"England in the East": Dilke's Historiography and the Imagining of India
It is idle to point to the tropics and say that free communities do not exist within those limits; the map of the world will show that freedom exists only in the homes of the English race....[yet] there is nothing...which should limit it in time or place: the only question that is open for debate is whether freedom--an admitted good--is a benefit which, if once conferred upon the inhabitants of the tropics, will be maintained by them....history teaches us to believe that the time will come when the Indians will be fit for freedom (Greater Britain, 555-56).
By the middle of the nineteenth century, the British appetite for Empire was suffering from a severe case of indigestion. Recent losses and near misses to resistance movements in none too remote corners of the world had undermined what was seen as the 'inherent' stability of the realm; social Darwinism and race theories which were promulgated at the time raised doubts about what improvement could be wrought in nether regions; mercantilism and the maintenance of a satisfactory standard of living "at home" came to be seen as contradictory ends. In 1869, a new wave of imperialism was sparked in part by the publication of Dilke's Greater Britain. Essentially a travelogue, Charles Dilke's Greater Britain almost solely imparted a new grammar of domination.
England in the East is not the England that we know. Flousy Britannia, with her anchor and ship, becomes a mysterious Oriental despotism, ruling a sixth of the human race, nominally for the natives' own good, and certainly for no one else's...--scheming, annexing, out-maneuvering Russia, and sometimes, it is to be feared, out-lying Persia herself (Greater Britain, 550).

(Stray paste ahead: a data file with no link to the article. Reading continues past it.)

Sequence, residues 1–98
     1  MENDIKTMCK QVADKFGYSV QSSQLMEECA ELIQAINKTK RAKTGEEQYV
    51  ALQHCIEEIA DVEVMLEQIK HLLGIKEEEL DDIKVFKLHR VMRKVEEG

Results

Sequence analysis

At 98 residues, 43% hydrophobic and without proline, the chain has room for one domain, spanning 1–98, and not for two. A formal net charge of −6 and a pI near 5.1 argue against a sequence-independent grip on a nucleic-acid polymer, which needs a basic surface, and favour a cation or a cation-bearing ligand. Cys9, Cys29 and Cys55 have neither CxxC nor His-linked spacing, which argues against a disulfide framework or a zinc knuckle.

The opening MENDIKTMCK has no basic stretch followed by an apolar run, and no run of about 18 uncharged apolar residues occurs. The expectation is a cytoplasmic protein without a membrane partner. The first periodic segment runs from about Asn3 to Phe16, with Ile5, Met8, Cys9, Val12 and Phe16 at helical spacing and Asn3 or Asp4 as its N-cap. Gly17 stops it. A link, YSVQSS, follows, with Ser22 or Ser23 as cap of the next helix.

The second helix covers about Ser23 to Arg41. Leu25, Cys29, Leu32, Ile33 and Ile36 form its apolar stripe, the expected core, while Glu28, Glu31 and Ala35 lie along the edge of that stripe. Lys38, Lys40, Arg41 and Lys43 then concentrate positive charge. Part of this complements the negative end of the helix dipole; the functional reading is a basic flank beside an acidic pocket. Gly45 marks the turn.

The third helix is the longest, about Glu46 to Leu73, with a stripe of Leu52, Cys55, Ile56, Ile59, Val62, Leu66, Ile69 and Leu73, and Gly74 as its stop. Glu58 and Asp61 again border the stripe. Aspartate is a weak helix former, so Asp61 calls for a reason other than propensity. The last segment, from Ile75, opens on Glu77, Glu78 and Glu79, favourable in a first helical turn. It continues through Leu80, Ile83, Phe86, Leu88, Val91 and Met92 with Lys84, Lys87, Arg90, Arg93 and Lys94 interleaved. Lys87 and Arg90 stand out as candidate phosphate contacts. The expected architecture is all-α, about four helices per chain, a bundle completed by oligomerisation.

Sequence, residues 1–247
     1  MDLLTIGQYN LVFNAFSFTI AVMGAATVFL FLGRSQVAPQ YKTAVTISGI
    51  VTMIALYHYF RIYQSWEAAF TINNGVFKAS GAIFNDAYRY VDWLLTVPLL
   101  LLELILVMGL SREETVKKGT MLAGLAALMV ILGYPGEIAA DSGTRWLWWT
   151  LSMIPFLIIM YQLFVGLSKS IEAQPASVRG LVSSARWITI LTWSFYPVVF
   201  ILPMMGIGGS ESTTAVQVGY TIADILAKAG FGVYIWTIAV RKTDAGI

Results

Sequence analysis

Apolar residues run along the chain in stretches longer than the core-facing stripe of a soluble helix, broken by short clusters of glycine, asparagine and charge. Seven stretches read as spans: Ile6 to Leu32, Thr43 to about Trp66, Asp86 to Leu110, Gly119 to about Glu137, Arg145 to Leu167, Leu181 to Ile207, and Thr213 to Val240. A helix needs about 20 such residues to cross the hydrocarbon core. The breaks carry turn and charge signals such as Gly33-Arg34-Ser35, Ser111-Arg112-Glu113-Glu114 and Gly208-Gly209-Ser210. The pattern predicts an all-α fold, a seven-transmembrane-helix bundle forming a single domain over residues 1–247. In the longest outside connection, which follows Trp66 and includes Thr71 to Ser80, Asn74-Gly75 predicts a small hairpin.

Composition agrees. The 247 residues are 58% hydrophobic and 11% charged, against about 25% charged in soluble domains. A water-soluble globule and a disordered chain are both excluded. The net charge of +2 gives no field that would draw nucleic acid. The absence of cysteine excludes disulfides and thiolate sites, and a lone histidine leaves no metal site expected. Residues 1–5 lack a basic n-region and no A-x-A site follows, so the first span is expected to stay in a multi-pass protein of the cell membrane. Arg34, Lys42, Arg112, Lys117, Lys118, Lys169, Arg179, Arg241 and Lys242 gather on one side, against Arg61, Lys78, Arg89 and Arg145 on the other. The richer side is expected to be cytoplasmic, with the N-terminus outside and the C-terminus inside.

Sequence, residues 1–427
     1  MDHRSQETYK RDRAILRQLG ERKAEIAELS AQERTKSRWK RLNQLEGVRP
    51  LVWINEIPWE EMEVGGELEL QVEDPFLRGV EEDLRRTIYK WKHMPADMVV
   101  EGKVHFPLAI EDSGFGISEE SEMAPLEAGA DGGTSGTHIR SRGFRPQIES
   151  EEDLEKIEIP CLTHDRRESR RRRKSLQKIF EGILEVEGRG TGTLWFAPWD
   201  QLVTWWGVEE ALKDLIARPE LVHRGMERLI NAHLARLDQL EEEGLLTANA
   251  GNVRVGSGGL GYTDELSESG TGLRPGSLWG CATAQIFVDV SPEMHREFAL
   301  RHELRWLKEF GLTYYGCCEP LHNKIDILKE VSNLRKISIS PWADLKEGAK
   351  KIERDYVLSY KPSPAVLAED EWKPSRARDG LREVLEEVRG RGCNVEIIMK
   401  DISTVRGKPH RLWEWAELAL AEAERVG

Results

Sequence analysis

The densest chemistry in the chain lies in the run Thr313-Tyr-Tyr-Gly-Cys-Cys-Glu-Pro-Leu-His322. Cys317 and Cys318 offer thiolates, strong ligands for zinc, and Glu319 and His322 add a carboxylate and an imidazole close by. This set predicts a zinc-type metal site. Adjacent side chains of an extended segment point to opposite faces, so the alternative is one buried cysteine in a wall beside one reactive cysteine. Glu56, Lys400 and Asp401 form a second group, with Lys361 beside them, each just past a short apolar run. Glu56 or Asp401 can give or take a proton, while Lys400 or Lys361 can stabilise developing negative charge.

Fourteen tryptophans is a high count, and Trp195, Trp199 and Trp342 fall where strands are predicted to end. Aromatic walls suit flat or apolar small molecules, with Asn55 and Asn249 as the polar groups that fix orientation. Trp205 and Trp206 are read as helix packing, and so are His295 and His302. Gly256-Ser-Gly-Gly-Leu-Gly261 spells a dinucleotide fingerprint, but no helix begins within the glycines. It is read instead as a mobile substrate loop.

How was this possible? To what could Dilke appeal to energize the idea of Empire? Taking his views on India as typical of his ideology, I examine Dilke's defence of Empire in order to show how, by presenting a particular modality of repression which appealed to the logical, ethical and moral impulses in his readership, he rejuvenated Britain's view of itself as the only worthy Empire. I attempt to uncover how discourses of displacement and dislocation conflict, overlap and collude at various sites in the text and disclose a landscape and culture which are shown to be crying out for paternalistic albeit benevolent supervision. By referring to Homi Bhabha's work on the construction of authority, I hope to shed some light on an otherwise forgotten aspect of the (re)construction of Empire.